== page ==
Despite relatively high inflation and very low consumer confidence, consumers continue to spend more money than previously expected. Especially for the purchase of more expensive non-food items. These expenses are not enough to keep retail afloat. We have conducted a study on the situation of the retail sector in Europe and warn of a wave of bankruptcies.

Johan Geeroms, our Director Risk Underwriting Benelux, comments on household spending: “The situation is paradoxical. Savings are plentiful and spending on daily necessities such as food, electricity and gas is significantly less. However, at the same time, there is an increase in spending on the purchase of cars, household appliances, furniture as well as clothes and toys. This increase is not significant (these are single-digit percentages), but one would expect that inflation and fears of an economic slowdown would also put a serious damper on spending on these product categories. This is not the case.“ 

In the Netherlands, the Central Bureau for Statistics (CBS) calculated that the turnover of the retail sector increased overall by 4.6% in May. If we consider the volume (the quantity of goods sold), we see a decrease of 7.5% compared to the previous year. Johan Geeroms: “Here again we see a reduction in expenditure. This is especially true for basic necessities. In this area, price increases have been extreme. Inflation has hit the lowest incomes hard."

Our European study shows that in countries like Germany and France, household income growth has outpaced inflation (by 1.7 percentage points in Germany and 2.9 percentage in France between the end of 2019 and the end of 2022). This explains why household spending has increased. It is mainly on non-primary products that this money has been spent.

Spending growth failed to allay concerns in the retail sector. On the contrary. We foresee a very difficult period. The fact that household spending is holding up is a boon for the sector. If this were not the case, the picture would be very bleak indeed. The retail sector has many other concerns. Just think of staff shortages, rising wages, rising energy costs. For many products, these higher costs cannot simply be passed on to prices. This can affect sales and lead to loss of market share.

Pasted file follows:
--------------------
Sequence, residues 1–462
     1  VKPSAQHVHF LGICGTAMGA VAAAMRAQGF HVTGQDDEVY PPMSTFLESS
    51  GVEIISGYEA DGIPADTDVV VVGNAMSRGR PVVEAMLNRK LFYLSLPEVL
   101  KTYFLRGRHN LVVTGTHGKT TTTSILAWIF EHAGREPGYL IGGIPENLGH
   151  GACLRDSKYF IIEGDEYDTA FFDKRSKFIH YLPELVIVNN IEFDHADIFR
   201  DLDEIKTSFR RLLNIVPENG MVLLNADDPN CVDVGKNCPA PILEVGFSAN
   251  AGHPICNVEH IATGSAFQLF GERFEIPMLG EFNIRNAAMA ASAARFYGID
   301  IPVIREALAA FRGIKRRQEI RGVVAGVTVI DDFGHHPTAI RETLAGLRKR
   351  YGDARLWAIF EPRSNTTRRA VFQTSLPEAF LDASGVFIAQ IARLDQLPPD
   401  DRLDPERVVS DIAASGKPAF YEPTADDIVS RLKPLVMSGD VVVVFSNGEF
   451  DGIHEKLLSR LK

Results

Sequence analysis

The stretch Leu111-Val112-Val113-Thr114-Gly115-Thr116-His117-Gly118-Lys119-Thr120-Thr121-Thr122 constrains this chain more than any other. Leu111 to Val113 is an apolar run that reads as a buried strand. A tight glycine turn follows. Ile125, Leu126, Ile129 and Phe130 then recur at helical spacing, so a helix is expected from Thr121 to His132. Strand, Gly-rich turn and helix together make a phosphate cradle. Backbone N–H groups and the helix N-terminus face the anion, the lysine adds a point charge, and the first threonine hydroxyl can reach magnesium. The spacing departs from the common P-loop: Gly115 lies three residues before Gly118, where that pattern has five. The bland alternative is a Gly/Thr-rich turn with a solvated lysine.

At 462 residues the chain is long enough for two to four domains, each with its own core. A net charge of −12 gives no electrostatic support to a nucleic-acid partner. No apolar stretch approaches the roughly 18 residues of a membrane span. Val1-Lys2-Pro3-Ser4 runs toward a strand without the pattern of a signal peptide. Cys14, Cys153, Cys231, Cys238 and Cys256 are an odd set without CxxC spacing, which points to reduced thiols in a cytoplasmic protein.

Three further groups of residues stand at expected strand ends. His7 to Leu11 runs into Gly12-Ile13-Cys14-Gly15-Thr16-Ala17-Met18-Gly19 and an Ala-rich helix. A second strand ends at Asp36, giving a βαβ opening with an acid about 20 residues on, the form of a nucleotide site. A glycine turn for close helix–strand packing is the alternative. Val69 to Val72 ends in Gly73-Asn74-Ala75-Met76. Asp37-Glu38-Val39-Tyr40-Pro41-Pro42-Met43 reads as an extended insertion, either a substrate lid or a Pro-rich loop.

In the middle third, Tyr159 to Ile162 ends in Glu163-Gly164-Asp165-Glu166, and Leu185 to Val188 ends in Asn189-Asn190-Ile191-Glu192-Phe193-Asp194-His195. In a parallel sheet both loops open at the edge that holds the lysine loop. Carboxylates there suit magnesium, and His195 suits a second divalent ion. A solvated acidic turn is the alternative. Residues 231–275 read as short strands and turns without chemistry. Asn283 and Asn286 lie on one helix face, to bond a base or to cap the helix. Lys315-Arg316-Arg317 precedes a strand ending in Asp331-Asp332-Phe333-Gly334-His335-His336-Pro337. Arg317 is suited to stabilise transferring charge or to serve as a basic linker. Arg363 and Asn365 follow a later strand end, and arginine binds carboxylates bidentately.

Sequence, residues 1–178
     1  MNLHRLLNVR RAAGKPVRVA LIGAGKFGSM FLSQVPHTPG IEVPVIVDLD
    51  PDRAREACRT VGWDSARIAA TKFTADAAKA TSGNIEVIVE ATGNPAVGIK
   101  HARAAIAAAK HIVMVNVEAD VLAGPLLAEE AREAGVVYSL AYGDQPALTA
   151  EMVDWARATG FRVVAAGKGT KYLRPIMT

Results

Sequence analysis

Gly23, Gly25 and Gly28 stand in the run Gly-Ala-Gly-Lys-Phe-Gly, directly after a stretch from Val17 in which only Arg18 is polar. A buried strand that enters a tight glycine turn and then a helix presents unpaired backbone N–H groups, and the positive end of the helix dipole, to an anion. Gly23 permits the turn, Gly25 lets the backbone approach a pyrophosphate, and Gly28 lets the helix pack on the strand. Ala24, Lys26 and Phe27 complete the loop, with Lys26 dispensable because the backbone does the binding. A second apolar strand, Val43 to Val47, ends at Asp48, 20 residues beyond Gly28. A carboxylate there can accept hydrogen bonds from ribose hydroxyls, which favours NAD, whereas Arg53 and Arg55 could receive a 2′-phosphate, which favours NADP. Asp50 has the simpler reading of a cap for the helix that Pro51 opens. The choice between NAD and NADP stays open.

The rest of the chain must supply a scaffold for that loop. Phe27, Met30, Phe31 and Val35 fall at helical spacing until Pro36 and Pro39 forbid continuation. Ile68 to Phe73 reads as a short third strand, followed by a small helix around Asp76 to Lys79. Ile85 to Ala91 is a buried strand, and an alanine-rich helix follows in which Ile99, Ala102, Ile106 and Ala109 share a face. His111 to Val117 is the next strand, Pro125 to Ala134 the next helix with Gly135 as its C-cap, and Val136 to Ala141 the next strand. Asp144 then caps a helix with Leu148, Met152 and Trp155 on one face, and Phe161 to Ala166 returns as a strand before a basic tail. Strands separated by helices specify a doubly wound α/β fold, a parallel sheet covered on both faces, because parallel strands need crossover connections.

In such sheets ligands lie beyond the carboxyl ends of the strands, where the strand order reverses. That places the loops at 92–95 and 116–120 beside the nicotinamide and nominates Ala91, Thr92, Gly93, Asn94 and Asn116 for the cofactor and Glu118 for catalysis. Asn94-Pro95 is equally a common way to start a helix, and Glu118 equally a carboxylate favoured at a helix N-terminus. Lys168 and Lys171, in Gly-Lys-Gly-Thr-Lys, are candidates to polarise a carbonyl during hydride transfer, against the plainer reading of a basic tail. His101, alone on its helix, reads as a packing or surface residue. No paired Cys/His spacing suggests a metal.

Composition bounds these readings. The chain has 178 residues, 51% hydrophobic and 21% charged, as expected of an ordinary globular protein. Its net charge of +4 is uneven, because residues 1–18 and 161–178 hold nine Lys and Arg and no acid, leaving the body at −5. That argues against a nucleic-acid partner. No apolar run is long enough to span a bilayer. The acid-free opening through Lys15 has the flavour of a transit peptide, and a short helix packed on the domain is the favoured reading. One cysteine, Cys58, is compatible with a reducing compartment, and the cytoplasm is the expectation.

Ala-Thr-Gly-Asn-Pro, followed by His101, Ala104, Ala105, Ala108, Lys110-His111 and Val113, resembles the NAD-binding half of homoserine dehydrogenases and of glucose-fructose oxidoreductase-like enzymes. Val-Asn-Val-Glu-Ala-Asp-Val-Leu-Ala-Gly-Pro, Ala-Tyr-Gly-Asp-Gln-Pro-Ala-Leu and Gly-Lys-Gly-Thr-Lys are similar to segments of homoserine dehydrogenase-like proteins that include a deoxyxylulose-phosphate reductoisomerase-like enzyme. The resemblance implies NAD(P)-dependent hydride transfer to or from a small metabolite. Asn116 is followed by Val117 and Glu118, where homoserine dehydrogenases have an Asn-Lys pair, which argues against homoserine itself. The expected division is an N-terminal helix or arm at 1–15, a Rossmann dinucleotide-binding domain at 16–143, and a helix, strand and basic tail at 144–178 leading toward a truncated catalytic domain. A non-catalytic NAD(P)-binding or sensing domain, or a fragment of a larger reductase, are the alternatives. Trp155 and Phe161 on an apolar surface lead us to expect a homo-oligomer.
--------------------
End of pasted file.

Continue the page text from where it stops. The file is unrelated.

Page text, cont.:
We see, like CBS, a general increase in turnover. Johan Geeroms: "It's only due to price increases. If you look at the volume, you see a decline. Many retailers are doing poorly, even though they see an increase in turnover. Number of between them are struggling with a large inventory that may force them to enter the market at dumped prices. Either way, they are down."

Johan Geeroms also mentions other negative points. “Product supply has been a hot topic since the coronavirus crisis. Many retail companies are looking for solutions closer to home. But this too has direct consequences on prices and margins. If your competitor continues to buy low in Asia, you lose.”

Faced with rising costs, European retail brands are finding it increasingly difficult to keep their heads above water. So far, growth remains weak. We don't expect spending to increase substantially until the second half of 2024. Financially, companies are struggling. They do not have the means to make the necessary investments. Think of digitalization, for example. To operate online, you have to be visible. This is where consumer research begins. Digitization is fundamental. There are still so many businesses in Europe that have not yet started.

Johan Geeroms cites major retail companies that have recently struggled, such as fashion brands Scotch & Soda, the Score Group, bicycle manufacturer VanMoof, and earlier this year the bankruptcy of the Makro group in Belgium.

According to our research department, the probability of major bankruptcies (companies with an annual turnover of more than 50 million euros) has increased sharply. Last year, 16 groups representing a total turnover of more than 5 billion euros disappeared from the landscape, and the trend is accelerating. In the first quarter of this year alone, 11 companies worth 2.4 billion euros went missing. It is precisely these large chains and brands that need to invest a lot. Often, they are already heavily indebted. Due to rising interest rates, on top of all the other cost increases, it is becoming increasingly difficult for these companies to meet their obligations.

Fashion chains, department stores and e-commerce specialists are most at risk.

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